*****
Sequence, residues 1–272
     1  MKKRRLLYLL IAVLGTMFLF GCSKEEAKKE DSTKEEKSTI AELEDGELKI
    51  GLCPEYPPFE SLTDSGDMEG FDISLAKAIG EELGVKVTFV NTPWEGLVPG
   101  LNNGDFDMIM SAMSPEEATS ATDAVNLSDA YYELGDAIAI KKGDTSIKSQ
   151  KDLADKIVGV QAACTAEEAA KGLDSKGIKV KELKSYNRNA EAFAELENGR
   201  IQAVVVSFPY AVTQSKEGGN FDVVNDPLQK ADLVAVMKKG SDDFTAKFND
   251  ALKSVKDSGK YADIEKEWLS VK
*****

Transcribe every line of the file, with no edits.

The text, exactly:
Sequence, residues 1–272
     1  MKKRRLLYLL IAVLGTMFLF GCSKEEAKKE DSTKEEKSTI AELEDGELKI
    51  GLCPEYPPFE SLTDSGDMEG FDISLAKAIG EELGVKVTFV NTPWEGLVPG
   101  LNNGDFDMIM SAMSPEEATS ATDAVNLSDA YYELGDAIAI KKGDTSIKSQ
   151  KDLADKIVGV QAACTAEEAA KGLDSKGIKV KELKSYNRNA EAFAELENGR
   201  IQAVVVSFPY AVTQSKEGGN FDVVNDPLQK ADLVAVMKKG SDDFTAKFND
   251  ALKSVKDSGK YADIEKEWLS VK